rigorous definition of the logarithm

In this entry, we shall construct the logarithm as a Dedekind cut and then demonstrate some of its basic properties. All that is required in the way of background material are the properties of integer powers of real numbers.

Theorem 1.

Suppose that $a,b,c,d$ are positive integers such that $a/b=c/d$ and that $x>0$ and $y>0$ are real numbers. Then $x^{a}\leq y^{b}$ if and only if $x^{c}\leq y^{d}$.

Proof.

Cross multiplying, the condition $a/b=c/d$ is equivalent     to $ad=bc$. By elementary properties of powers, $x^{a}\leq y^{b}$ if and only if $x^{ad}\leq y^{bd}$. Likewise, $x^{c}\leq x^{d}$ if and only if $x^{bc}\leq y^{bd}$ which, since $bc=ad$, is equivalent to $x^{ad}\leq y^{bd}$. Hence, $x^{a}\leq y^{b}$ if and only if $x^{c}\leq x^{d}$. ∎

Theorem 2.

Suppose that $a,b,c,d$ are positive integers such that $a/b\leq c/d$ and that $x>1$ and $y>0$ are real numbers. If $x^{c}\leq y^{d}$ then $x^{a}\leq y^{b}$.

Proof.

Since we assumed that $b>0$, we have that $x^{c}\leq y^{d}$ is equivalent to $x^{bc}\leq y^{bd}$. Likewise, since $d>0$, we have that $x^{a}\leq y^{b}$ is equivalent to $x^{ad}\leq y^{bd}$. Cross-multiplying, $a/b\leq c/d$ is equivalent to $ad\leq bc$. Since $x>1$, we have $x^{ad}\leq x^{bc}$. Combining the above statements, we conclude that $x^{c}\leq y^{d}$ implies $x^{a}\leq y^{b}$. ∎

Theorem 3.

Suppose that $a,b,c,d$ are positive integers such that $a/b>c/d$ and that $x>1$ and $y>0$ are real numbers. If $x^{a}>y^{b}$ then $x^{c}>y^{d}$.

Proof.

Since we assumed that $b>0$, we have that $x^{c}>y^{d}$ is equivalent to $x^{bc}>y^{bd}$. Likewise, since $d>0$, we have that $x^{a}>y^{b}$ is equivalent to $x^{ad}>y^{bd}$. Cross-multiplying, $a/b>c/d$ is equivalent to $ad>bc$. Since $x>1$, we have $x^{ad}>x^{bc}$. Combining the above statements, we conclude that $x^{c}>y^{d}$ implies $x^{a}>y^{b}$. ∎

Theorem 4.

Let $x>1$ and $y$ be real numbers. Then there exists an integer $n$ such that $x^{n}>y$.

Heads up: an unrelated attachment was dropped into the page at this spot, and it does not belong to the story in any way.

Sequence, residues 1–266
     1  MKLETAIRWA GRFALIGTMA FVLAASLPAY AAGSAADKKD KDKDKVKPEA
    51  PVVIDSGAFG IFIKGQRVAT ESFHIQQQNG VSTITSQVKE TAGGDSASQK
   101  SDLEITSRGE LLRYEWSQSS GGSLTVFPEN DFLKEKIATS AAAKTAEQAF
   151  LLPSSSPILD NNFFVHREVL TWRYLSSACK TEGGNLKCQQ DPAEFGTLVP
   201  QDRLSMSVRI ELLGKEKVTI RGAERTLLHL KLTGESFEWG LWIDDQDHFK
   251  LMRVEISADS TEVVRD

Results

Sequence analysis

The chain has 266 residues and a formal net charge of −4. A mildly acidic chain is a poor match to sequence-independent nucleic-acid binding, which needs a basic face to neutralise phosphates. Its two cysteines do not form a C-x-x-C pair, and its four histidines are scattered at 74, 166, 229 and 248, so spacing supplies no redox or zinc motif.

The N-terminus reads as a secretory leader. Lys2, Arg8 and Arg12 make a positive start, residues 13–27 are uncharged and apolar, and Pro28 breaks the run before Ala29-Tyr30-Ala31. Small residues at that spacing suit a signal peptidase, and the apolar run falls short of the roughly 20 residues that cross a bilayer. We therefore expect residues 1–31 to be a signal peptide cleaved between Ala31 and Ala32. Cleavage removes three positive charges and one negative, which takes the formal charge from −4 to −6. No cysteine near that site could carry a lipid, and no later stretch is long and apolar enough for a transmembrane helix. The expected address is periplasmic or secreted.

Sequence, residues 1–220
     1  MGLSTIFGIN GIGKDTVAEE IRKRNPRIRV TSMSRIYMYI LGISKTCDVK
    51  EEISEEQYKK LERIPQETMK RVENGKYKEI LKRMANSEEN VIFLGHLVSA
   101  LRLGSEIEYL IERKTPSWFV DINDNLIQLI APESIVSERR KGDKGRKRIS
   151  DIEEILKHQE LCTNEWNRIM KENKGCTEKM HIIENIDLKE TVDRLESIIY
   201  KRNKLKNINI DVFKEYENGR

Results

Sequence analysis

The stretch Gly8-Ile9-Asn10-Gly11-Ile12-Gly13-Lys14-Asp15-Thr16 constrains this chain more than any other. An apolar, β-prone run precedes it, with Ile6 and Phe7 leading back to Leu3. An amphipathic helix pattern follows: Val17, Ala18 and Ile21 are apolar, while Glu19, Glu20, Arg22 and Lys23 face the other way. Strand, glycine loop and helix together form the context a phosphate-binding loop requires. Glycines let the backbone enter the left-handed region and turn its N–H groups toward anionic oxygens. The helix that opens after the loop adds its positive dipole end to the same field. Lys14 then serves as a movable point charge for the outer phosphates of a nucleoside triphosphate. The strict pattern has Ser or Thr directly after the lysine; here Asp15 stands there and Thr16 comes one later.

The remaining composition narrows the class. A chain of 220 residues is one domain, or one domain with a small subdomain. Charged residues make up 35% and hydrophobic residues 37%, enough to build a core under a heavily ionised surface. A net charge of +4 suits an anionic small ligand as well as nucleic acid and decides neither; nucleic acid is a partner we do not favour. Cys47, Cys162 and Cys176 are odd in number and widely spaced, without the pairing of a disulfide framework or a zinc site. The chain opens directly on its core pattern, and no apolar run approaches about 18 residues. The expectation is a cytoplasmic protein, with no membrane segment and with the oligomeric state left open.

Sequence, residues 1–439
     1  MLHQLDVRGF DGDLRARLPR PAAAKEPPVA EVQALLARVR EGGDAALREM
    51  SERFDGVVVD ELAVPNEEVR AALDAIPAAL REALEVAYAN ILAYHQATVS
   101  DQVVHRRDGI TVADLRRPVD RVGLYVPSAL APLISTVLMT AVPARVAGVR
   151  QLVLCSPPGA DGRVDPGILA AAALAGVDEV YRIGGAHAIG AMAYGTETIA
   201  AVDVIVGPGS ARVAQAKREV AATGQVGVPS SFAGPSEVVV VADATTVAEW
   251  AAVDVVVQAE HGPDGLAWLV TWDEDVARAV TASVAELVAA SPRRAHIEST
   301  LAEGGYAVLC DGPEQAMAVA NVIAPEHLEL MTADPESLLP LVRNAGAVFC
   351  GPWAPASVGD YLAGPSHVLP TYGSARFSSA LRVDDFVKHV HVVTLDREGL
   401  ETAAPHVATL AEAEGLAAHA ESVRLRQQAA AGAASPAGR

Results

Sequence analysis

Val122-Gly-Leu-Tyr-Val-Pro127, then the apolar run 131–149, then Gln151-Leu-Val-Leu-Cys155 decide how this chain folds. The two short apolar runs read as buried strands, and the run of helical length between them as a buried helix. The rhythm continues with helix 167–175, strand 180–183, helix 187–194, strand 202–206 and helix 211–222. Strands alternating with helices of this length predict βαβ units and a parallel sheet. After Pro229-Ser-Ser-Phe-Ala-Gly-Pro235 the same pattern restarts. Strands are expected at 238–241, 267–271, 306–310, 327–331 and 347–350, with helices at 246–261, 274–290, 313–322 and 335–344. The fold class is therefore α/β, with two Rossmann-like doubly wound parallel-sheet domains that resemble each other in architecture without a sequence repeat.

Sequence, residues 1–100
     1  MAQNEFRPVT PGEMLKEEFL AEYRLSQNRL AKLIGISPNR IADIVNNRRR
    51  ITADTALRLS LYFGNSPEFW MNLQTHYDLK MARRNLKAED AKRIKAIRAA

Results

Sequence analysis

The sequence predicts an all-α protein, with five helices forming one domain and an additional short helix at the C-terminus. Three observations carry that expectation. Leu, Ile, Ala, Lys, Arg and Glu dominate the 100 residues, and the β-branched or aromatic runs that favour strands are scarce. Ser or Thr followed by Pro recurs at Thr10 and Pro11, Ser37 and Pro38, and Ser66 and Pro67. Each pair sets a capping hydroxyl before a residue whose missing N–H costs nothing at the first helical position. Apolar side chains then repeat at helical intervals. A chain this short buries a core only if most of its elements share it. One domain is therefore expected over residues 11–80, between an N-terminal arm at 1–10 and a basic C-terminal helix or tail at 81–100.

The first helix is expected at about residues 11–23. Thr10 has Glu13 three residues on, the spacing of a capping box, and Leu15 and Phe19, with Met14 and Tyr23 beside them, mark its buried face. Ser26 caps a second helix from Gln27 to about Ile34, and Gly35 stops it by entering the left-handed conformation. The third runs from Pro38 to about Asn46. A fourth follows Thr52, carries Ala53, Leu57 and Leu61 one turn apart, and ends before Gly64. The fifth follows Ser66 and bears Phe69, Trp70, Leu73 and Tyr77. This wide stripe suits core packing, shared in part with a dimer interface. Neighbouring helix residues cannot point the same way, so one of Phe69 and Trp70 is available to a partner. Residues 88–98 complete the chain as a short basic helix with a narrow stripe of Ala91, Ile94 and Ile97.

Proof.

Write $x=1+h$. Then we have $(1+h)^{n}\geq 1+nh$ for all positive integers $n$. This fact is easily proved by induction  . When $n=1$, it reduces to the triviality $1+h\geq h$. If $(1+h)^{n}\geq 1+nh$, then

 $(1+h)^{n+1}=(1+h)(1+h)^{n}\geq(1+h)(1+nh)=1+(n+1)h+nh^{2}\geq 1+(n+1)h.$

By the Archimedean property, there exists an integer $n$ such that $1+nh>y$, so $x^{n}>y$. ∎

Theorem 5.

Let $x>1$ and $y$ be real numbers. Then the pair of sets $(L,U)$ where

 $\displaystyle L$ $\displaystyle=\{r\in\mathbb{Q}\mid(\exists a,b\in\mathbb{Z})\quad b>0~{}\land~% {}r=a/b~{}\land~{}x^{a}\leq y^{b}\}$ (1) $\displaystyle U$ $\displaystyle=\{r\in\mathbb{Q}\mid(\exists a,b\in\mathbb{Z})\quad b>0~{}\land~% {}r=a/b~{}\land~{}x^{a}>y^{b}\}$ (2)

forms a Dedekind cut.

Proof.

Let $r$ be any rational number   . Then we have $r=a/b$ for some integers $a$ and $b$ such that $b>0$. The possibilities $x^{a}\leq y^{b}$ and $x^{a}>y^{b}$ are exhaustive so $r$ must belong to at least one of $U$ and $L$. By theorem 1, it cannot belong to both. By theorem 2, if $r\in L$ and $s\leq r$, then $s\in L$ as well. By theorem 3, if $r\in U$ and $s>r$, then $s\in U$ as well. By theorem 4, neither $L$ nor $U$ are empty. Hence, $(L,U)$ is a Dedekind cut and defines a real number. ∎

Definition 1.

Suppose $x>1$ and $y>0$ are real numbers. Then, we define $\log_{x}y$ to be the real number defined by the cut $(L,U)$ of the above theorem.

Title rigorous definition of the logarithm RigorousDefinitionOfTheLogarithm 2013-03-22 17:00:37 2013-03-22 17:00:37 rspuzio (6075) rspuzio (6075) 18 rspuzio (6075) Derivation msc 26A06 msc 26A09 msc 26-00